Decision-making behaviour is influenced by tryptophan hydroxylase 2 gene

Gabriella Juhasz, Darragh Downey, Emma Pegg, N Hinvest, Z Toth, A Payton, Diana Chase, Rebecca Elliott, J F William Deakin, Ian M Anderson

Research output: Contribution to journalMeeting abstractpeer-review


Introduction: Tryptophan hydroxylase (TPH) is the rate-limiting
enzyme in the synthesis of the neurotransmitter serotonin (5-HT).
There are two main subtypes, the TPH2 subtype which is involved
in neuronal serotonin synthesis and the TPH1 subtype which is
involved in serotonin synthesis in the periphery. Polymorphisms in
the TPH2 gene and distinct haplotypes (combinations of single nucleotide
polymorphisms (SNPs) which are inherited together) with
functional effects on the TPH enzyme activity may represent risk
factors for serotonergic system related psychiatric disorders. However,
genetic studies of TPH2 related to depression, schizophrenia,
alcoholism, drug abuse, aggression and suicidality have produced
conflicting results. One possible explanation of this is that TPH2
function might relate to a more basic behavioural feature, or
endophenotype, involved in many psychiatric disorders. Decision
making may be defined as the ability to select an advantageous
response from a range of available options. Impaired decision
making, attributed to a 5-HT deficit in orbitofrontal cortex (OFC),
is one candidate endophenotype for many psychiatric conditions.
Previous studies demonstrated that rapid dietary tryptophan depletion
– leading to reduced central serotonin function – altered
the decision-making of healthy volunteers. In our study, we tested
the hypothesis that TPH2 haplotype will affect decision making,
in a large sample using a simple paper-pencil task.
Methods: From the NewMood population study cohort we
present interim data on 864 subjects who completed a pencil
and paper decision making task, the 53-item Brief Symptom
Checklist and for whom we have TPH2 genetic haplotype data.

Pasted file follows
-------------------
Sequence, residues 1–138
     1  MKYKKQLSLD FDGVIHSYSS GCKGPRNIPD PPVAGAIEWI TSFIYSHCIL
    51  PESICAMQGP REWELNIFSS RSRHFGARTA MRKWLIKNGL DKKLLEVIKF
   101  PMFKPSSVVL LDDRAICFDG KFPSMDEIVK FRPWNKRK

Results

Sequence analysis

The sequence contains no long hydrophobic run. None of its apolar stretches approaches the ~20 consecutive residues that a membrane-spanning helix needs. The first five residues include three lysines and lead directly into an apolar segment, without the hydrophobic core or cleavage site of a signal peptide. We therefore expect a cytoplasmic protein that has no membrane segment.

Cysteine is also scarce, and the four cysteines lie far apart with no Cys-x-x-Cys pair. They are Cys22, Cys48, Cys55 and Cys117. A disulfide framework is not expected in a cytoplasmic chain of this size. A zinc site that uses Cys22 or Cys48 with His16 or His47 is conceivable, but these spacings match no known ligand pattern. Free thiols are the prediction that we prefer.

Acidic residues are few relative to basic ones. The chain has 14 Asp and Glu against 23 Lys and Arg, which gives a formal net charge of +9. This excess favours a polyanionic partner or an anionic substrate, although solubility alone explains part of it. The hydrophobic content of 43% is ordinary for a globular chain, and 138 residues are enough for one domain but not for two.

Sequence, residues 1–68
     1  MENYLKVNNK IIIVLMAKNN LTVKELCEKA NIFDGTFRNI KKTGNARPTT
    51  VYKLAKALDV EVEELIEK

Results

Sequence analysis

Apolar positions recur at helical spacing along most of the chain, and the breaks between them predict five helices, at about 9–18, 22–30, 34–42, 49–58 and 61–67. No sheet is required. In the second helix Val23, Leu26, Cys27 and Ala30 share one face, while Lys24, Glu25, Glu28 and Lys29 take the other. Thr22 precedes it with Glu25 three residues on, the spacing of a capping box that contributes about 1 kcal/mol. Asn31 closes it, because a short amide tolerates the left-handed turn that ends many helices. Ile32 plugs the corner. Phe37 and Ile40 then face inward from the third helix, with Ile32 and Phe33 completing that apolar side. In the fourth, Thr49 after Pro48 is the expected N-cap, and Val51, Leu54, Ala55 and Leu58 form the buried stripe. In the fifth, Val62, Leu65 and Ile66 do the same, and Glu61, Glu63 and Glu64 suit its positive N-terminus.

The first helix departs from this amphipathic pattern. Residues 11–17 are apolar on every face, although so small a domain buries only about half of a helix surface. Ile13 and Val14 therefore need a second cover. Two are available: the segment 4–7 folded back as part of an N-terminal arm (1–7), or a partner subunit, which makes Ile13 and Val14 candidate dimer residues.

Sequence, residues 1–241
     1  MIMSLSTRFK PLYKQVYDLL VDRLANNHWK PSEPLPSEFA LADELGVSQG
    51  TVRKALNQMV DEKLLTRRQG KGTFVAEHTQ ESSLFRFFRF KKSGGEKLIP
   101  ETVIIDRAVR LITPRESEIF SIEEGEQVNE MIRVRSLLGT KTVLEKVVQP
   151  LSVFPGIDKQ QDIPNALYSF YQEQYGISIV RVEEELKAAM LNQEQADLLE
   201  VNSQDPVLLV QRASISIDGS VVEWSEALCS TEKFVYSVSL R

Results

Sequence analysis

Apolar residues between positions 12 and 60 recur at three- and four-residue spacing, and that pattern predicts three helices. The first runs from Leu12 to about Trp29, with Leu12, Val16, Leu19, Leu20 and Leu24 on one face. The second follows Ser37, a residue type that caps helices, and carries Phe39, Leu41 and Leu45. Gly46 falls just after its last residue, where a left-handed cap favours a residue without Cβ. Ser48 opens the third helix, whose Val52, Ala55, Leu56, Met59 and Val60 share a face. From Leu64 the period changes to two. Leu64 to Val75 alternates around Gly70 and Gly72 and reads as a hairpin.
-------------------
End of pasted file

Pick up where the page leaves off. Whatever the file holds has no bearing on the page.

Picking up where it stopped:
The task consisted of choosing between two ‘wheel of fortunelike’
alternatives: ‘A’ which provided a smaller but more likely
‘win’ and ‘B’ which gave a ‘win’ 2 times the amount with lower
probability that was systematically varied. We used a repeated
measure design with 4 different probability levels of winning on
‘A’. The probability of winning on ‘B’ at which the subjects valued
the two trials equally (indifference point) was determined as a
measure of willingness to take a risk. The HaploView software
package was employed to identify htSNPs based on the genotype
data of CEPH population (International HapMap Project).
The chosen SNPs were genotyped using Sequenom’s massarray
technology and haplotypes were generated by HelixTree.
Results: TPH2 haplotypes (p = 0.003) and Anxiety scores
(p = 0.001) had an independent significant effect on decision
making, with more anxious subjects making less risky choices.
There was no interaction between TPH2 haplotypes and Anxiety
scores. Depression scores had no effect on decision making.
Discussion: This study supports the role of TPH2 gene, and
the 5-HT system, in risk taking behaviour. This genetic effect
is independent of mood state and might be an additive factor
contributing to psychiatric disorders.
Original languageEnglish
Pages (from-to)S231
JournalEuropean Neuropsychopharmacology
Issue numberSupplement 4
Publication statusPublished - Oct 2007


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